Horizon Europe is the main programme funding research and innovation in the European Union until 2027. Its predecessor, Horizon 2020 programme, introduced the obligation for beneficiaries to provide open access to all peer-reviewed scientific publications related to project results in 2014. In 2017 the Open Research Data Pilot was launched, which obliges beneficiaries to make research data available or to state why data cannot be made available. Among other things, Horizon 2020 contributed to the gradual integration of the principles of open science into current research practice.
The current Horizon Europe programme comes with new requirements related to open science. What do you need to keep in mind?
The open access mandate of the HE programme also applies to books, book chapters and other extensive texts.
An open access publication fee is only deductible for the duration of the grant if it is a fully open journal. Fees for publishing in hybrid journals cannot be financed by the grant.
Open access to the full text of the publication must be ensured immediately, at the latest on the day of publication.
It is no longer possible to opt out of the obligations related to the management of research data.
Beneficiaries must create a data management plan and update it regularly.
It is necessary to ensure open access to data in accordance with the principle "As open as possible, as closed as necessary" - i.e., it is possible not to publish data in justified cases, e.g., if it would be contrary to personal data protection, etc.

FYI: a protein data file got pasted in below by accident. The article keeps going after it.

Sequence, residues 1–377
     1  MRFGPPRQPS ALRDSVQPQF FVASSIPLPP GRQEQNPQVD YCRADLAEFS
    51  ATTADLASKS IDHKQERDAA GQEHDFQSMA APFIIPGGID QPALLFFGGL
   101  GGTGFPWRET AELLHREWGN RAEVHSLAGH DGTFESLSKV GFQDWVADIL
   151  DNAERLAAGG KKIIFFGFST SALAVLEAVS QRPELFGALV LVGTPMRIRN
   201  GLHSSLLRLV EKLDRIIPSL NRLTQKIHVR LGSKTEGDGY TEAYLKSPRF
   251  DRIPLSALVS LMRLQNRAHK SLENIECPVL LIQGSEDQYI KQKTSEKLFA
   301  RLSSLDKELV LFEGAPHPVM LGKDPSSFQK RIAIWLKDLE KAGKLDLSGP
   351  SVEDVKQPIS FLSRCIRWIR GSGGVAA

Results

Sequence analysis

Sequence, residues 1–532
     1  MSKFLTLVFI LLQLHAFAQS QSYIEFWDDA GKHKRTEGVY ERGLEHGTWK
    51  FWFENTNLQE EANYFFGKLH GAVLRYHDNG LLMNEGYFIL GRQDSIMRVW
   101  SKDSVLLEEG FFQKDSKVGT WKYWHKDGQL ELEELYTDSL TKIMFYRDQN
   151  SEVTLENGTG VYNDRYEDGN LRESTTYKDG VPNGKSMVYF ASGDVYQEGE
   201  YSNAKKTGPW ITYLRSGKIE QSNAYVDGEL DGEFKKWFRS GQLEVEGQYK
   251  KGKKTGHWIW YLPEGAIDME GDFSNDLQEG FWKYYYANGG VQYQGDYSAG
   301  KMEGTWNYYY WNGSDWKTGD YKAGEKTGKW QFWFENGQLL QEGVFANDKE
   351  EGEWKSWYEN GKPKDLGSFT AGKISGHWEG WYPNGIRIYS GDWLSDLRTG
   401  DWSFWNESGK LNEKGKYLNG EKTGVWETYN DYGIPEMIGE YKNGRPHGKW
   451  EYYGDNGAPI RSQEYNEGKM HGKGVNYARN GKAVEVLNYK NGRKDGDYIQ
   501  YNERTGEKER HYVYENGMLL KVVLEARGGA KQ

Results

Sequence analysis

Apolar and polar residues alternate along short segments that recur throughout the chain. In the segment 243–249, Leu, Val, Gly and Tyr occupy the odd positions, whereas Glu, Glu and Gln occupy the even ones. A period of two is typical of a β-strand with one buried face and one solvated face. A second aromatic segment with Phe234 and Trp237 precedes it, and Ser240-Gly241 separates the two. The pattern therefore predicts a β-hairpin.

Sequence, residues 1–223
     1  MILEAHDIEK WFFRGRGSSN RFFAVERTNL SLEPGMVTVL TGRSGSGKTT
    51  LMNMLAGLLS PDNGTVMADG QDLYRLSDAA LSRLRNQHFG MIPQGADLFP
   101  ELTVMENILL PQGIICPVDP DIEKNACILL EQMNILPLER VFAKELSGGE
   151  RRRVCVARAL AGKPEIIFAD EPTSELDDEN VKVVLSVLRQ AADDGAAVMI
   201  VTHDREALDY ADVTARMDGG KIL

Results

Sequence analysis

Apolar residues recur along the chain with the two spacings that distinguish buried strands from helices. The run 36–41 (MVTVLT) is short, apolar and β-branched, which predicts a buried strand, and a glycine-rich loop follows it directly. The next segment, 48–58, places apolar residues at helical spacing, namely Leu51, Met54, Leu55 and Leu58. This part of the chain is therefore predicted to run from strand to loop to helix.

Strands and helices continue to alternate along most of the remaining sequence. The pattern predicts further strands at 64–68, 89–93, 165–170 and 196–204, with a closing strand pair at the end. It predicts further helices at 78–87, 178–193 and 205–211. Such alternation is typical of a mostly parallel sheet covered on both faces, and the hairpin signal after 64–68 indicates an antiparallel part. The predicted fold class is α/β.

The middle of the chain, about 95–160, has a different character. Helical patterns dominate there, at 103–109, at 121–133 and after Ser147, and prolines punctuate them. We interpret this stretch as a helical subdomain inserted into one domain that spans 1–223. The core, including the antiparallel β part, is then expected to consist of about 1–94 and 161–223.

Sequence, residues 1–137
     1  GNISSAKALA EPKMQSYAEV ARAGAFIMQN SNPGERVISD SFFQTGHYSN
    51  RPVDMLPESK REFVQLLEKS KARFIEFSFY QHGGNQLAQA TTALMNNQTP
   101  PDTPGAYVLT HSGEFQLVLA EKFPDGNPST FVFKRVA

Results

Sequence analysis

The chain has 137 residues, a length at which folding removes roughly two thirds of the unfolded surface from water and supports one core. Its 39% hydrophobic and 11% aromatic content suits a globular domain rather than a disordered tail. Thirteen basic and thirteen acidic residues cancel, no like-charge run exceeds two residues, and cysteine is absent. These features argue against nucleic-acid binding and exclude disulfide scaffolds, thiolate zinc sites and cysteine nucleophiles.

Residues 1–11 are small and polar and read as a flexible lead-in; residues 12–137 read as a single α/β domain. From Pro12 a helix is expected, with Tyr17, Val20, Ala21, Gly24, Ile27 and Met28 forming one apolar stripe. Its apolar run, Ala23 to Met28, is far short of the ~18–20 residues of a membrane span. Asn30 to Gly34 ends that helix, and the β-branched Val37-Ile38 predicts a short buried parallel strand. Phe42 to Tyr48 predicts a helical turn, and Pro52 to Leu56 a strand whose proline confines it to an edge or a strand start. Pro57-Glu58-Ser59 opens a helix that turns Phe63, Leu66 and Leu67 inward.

The data must be deposited in a data repository and then published (if possible)
The data (which are to be published) must be published under the license CC-BY (state author) or CC0 (waiver) , or equivalent.
Expenses on data management (storage, processing, preparation for archiving, etc.) are eligible costs for the duration of the grant.
General information on EU programmes can be found on the website of the European Centre of Charles University. The open science requirements in Horizon 2020 and Horizon Europe are described in more detail on the website of the Open Science Support Centre.
 The CC0 license is a so-called waiver, i.e., a waiver of copyright. However, according to the Czech Copyright Act, it is not possible to waive copyright. Therefore, the CC0 license in the Czech Republic is interpreted as CC-BY (Creative Commons Attribution International), i.e., the least restrictive license allowed by Czech copyright law.